Toorale National Park
Explore the vast floodplain and beautiful rivers of outback NSW near Bourke on a car tour of Toorale National Park and State Conservation Area. You’ll enjoy great fishing and birdwatching.
Read more about Toorale National Park
Experience an outback adventure at Toorale National Park and State Conservation Area (SCA). Awe-inspiring skies, dramatic sunsets and starry nights under Australian floodplain landscapes are just a few things you can enjoy while riverside camping at Darling River campground (Yapara Paaka Thuru). Picnic by the river bank to the sight and sound of birds at Many Big Rocks picnic area (Karnu Yalpa).
Best visited between April and November, few places offer the rare opportunity to see the floodplain landscape come to life after rain like Toorale National Park and SCA. Located at the junction of Warrego and Darling rivers, the seasonal wetlands offer an abundance of birdlife, with ibis, pelicans, as well as iconic brolgas.
This park lies within the traditional lands of Kurnu-Baakandji People. You can learn about their culture as well as the historic significance of this region on a Discovery tour. It’s the perfect addition to an outback tour, taking in neighbouring parks such as Gundabooka National Park.
For the latest updates on fires, closures and other alerts in this area, see https://www.nationalparks.nsw.gov.au/visit-a-park/parks/toorale-national-park/local-alerts
- in the Outback NSW region
Toorale National Park and SCA is always open, but may have to close at times due to poor weather or fire danger.
02 6830 0200
Contact hours: Monday to Friday, 8.30am to 4.30pm.
- 51-53 Oxley Street, Bourke NSW 2840
- Bourke office
All the practical information you need to know about Toorale National Park.
Getting there and parking
- Travel 10.5km north from Bourke on Hungerford Road
- Continue for 21.5km and turn left at the sign to Louth, onto the unsealed Toorale Road (Rural Local Road 10).
- Drive for 38km and, after crossing a stock grid, you’ll see a Toorale entrance sign.
- Cross the bridge over the Darling River and travel 30km on the unsealed Toorale Road (Rural Local Road 10) towards Bourke.
- Darling River campground (Yapara Paaka Thuru) See on map
- Many Big Rocks picnic area (Karnu Yalpa) See on map
- Mount Talowla lookout See on map
- Toorale Homestead precinct (Yarramarra) See on map
- Unsealed roads
- All roads require 4WD vehicle
Check out the Bicycle information for NSW website for more information.
By public transport
Visit the NSW country transport info website for more information.
Best times to visit
There are lots of great things waiting for you in Toorale National Park. Here are some of the highlights:
Enjoy the wide open spaces under clear blue autumn skies.
A great time to see outback wildflowers and emu chicks and make the most of some excellent birdwatching opportunities.
Escape the heat and relax beside Darling River as you enjoy a spot of fishing among natural surroundings.
It’s the best time to explore the wetlands after the autumn rains bring the vast natural floodplain back to life.
Weather, temperature and rainfall
21°C and 36°C
4°C and 18°C
The area’s highest recorded rainfall in one day
Maps and downloads
Bourke (70 km)
Around 50km north of Gundabooka National Park is the town of Bourke. Considered the "Gateway to the real outback", Bourke is home to around 3,000 people and has a range of places to eat, garages and services, and plenty of things to do.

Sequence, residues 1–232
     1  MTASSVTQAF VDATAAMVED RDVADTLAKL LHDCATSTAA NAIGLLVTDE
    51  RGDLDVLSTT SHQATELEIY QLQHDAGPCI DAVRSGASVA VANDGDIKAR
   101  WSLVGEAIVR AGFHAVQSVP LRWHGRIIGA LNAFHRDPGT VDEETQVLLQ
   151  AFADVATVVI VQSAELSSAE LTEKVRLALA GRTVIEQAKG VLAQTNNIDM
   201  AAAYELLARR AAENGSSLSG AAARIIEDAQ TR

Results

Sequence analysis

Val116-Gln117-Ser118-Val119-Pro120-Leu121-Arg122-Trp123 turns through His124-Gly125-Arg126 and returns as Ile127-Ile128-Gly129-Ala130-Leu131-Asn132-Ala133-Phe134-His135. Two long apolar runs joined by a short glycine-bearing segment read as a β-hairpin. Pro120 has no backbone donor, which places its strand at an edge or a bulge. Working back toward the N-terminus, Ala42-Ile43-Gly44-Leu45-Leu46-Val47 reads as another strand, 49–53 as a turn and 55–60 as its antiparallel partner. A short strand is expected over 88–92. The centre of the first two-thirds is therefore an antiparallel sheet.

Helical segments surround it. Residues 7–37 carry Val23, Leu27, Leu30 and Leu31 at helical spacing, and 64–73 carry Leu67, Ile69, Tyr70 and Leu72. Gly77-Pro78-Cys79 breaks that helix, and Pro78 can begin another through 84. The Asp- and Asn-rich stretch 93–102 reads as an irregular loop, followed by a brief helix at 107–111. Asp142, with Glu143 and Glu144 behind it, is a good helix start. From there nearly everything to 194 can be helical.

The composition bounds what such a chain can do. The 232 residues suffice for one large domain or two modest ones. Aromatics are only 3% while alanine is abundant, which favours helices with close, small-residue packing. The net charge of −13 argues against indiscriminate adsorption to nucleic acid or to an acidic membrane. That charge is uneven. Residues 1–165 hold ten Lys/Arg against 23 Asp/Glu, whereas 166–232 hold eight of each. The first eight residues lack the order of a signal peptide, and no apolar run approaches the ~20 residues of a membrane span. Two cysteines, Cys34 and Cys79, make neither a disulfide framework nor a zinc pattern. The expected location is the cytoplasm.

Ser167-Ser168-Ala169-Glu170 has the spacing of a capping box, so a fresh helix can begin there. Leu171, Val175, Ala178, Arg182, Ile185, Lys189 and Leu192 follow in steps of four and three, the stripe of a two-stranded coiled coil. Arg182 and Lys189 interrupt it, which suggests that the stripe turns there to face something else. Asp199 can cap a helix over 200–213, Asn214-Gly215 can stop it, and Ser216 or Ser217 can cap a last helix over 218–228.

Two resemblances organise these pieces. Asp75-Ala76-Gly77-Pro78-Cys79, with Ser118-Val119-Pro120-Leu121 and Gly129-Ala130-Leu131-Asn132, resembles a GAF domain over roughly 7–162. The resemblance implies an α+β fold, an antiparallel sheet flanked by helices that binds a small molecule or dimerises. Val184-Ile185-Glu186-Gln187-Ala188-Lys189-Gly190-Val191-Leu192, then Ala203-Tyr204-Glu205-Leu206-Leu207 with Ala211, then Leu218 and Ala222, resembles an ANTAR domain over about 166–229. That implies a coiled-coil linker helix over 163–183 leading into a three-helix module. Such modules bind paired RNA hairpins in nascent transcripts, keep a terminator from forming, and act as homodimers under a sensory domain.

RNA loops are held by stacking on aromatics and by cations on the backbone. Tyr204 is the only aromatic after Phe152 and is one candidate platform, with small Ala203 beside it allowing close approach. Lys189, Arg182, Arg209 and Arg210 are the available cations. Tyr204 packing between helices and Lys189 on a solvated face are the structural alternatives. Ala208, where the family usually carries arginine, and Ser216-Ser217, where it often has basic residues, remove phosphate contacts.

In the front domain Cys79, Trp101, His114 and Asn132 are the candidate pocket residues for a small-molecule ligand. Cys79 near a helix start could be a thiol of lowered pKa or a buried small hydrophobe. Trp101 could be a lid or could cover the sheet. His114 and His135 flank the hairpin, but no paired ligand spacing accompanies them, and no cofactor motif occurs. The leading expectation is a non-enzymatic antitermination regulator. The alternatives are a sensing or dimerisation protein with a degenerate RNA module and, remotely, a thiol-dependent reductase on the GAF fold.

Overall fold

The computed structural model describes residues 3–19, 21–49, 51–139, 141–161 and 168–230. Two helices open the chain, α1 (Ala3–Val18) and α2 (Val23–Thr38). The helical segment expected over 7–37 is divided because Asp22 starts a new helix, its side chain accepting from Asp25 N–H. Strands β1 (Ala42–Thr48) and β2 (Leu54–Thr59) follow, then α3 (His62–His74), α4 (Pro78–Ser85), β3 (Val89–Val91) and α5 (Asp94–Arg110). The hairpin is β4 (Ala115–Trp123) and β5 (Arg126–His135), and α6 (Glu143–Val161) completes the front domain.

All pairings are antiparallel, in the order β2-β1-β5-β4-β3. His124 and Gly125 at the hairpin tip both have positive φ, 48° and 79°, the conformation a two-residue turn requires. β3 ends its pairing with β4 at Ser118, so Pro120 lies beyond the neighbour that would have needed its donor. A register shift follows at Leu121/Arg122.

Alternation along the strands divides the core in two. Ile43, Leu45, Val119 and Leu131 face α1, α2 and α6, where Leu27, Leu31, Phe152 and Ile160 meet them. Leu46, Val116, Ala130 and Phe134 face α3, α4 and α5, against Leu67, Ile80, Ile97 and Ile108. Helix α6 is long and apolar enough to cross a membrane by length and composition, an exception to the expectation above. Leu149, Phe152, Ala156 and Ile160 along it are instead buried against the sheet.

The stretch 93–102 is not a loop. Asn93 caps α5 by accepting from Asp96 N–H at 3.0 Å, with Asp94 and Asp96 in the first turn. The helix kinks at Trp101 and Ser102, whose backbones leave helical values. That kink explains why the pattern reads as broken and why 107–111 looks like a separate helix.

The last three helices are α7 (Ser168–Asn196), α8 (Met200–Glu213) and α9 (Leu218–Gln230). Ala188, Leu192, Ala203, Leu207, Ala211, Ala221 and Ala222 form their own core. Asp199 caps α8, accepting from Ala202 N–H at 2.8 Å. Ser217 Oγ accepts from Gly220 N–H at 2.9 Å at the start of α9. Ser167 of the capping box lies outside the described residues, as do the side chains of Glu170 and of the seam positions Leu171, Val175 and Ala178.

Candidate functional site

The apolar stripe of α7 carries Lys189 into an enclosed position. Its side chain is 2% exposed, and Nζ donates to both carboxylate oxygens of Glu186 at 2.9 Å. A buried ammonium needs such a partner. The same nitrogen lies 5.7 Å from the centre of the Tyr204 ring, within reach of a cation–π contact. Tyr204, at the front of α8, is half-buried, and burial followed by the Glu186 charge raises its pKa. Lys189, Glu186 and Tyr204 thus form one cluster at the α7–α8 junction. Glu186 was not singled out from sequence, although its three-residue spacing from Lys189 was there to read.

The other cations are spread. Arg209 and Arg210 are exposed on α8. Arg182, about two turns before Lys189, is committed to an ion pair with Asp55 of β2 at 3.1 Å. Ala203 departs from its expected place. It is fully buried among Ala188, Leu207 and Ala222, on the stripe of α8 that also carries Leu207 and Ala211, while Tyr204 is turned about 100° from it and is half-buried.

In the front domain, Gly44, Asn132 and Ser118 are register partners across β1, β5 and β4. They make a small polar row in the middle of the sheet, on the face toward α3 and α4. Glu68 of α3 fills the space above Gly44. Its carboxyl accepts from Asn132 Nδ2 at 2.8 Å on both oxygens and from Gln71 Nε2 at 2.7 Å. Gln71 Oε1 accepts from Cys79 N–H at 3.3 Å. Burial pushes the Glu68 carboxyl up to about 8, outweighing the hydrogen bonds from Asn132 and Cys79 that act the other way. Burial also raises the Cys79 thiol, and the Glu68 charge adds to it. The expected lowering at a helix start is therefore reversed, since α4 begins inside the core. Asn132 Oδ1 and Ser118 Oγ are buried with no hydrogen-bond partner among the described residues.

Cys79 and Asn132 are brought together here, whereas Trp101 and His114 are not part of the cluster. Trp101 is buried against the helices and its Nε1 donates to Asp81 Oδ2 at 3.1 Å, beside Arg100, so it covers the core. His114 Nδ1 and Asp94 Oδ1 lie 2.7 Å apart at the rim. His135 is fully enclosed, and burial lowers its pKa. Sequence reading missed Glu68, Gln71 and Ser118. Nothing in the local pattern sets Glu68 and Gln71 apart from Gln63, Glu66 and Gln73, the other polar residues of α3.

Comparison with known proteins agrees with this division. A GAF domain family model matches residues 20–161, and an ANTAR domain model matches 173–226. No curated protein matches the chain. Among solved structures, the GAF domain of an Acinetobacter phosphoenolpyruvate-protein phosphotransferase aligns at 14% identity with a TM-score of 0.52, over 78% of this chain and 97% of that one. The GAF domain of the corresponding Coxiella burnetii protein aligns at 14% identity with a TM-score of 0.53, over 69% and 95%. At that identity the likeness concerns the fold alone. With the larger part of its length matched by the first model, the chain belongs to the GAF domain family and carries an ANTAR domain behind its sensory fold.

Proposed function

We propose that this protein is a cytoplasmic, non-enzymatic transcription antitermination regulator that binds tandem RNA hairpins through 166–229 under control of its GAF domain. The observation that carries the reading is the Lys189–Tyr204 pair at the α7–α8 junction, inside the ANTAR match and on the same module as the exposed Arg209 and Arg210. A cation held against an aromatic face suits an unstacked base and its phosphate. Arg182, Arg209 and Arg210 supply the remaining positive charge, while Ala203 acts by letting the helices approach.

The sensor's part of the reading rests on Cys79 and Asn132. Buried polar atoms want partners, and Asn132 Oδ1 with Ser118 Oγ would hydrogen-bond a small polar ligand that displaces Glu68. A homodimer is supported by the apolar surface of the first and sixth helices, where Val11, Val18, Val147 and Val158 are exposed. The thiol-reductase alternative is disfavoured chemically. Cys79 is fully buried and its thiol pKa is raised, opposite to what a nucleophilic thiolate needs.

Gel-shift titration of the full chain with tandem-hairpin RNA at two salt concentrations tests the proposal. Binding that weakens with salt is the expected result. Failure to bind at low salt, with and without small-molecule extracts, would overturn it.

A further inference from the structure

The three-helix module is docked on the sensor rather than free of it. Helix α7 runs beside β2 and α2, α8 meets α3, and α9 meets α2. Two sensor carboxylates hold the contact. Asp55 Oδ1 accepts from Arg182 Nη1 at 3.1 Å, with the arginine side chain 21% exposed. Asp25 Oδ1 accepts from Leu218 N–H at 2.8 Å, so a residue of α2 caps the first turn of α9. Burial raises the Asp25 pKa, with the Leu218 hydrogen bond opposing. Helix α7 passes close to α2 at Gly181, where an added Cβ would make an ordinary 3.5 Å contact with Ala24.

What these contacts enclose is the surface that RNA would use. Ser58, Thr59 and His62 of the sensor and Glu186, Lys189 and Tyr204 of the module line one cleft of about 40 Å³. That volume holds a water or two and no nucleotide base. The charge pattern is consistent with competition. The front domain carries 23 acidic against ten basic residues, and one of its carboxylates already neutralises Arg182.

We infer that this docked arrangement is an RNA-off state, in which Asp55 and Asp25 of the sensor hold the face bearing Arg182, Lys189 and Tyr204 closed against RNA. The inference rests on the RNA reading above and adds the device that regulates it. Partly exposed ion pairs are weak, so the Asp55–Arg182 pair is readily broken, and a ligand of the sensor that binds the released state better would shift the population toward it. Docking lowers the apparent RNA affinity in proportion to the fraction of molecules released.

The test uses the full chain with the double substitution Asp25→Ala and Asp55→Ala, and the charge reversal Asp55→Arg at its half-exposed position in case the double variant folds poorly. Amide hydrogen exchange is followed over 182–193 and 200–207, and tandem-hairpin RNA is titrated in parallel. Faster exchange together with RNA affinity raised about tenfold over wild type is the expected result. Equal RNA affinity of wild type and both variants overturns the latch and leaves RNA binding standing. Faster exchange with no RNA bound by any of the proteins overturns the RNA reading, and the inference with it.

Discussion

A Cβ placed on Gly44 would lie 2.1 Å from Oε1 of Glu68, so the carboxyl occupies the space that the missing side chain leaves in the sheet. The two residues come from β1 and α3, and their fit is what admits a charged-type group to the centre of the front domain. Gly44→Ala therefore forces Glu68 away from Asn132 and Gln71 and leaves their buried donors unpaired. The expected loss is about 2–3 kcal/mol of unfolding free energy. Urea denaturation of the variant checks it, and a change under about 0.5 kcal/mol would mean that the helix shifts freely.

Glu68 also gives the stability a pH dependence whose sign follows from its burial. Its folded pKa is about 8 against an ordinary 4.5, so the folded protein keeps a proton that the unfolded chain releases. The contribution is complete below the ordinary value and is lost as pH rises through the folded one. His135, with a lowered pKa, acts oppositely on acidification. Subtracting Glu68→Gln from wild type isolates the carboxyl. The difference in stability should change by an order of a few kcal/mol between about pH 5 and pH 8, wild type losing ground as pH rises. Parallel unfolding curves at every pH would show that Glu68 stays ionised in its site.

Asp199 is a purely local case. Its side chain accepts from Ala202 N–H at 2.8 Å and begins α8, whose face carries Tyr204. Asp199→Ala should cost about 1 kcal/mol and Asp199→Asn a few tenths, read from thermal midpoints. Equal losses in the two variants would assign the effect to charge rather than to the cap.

Toorale National Park is a special place. Here are just some of the reasons why:
The People of Darling River
This country between the Warrego and Darling rivers is of spiritual and cultural significance to Kurnu-Baakandji People. The name Baakandji comes from the word ‘paaka’, meaning ‘Darling River’, so Baakandji are the People belonging to Darling River. Take a Discovery tour to learn about the culture and heritage of the region as well as local bush tucker such as wild orange, quandongs, wild plum bush, wild bananas and bush tomatoes.
Toorale National Park marks the junction of two mighty inland rivers and provides one of only a few opportunities to access the Darling and Warrego rivers. Set up camp on the Darling riverbank, or spend a leisurely day checking out the local wildlife, birdwatching and fishing.
Rich pastoral history
A relative newcomer to the national park family, Toorale was purchased in 2008. The large pastoral station and woolshed changed hands many times, and many people have a historic connection to Toorale, including Henry Lawson, who worked on the station for a short period during the 1890s.
- Toorale Homestead precinct (Yarramarra) Toorale Homestead precinct (Yarramarra) is a must-see for outback travellers near Bourke. Built on the lands of the Kurnu-Baakandji People, Toorale Station was once part of the world’s largest sheep station.
After the rains, the vast natural floodplain springs to life and the wetlands bring an abundance of birdlife. A fabulous spot for birdwatching, bring your binoculars for the chance to see the iconic brolga, pink cockatoo, or the wide range of waterbirds such as the Australian pelican, pied cormorant and royal spoonbill.
- Warrego Floodplain walking track The short, easy Warrego Floodplain walking track offers lookout views of the vast floodplain, birdwatching and seasonal wildflowers, in Toorale National Park, south of Bourke.
Environments in this park
Education resources (1)
What we're doing
Toorale National Park has management strategies in place to protect and conserve the values of this park. Visit the OEH website for detailed park and fire management documents.
Planning for the future
The community is invited to have a say on the future of Toorale National Park and Toorale State Conservation Area by commenting on the Draft Plan of Management before 7 May 2018.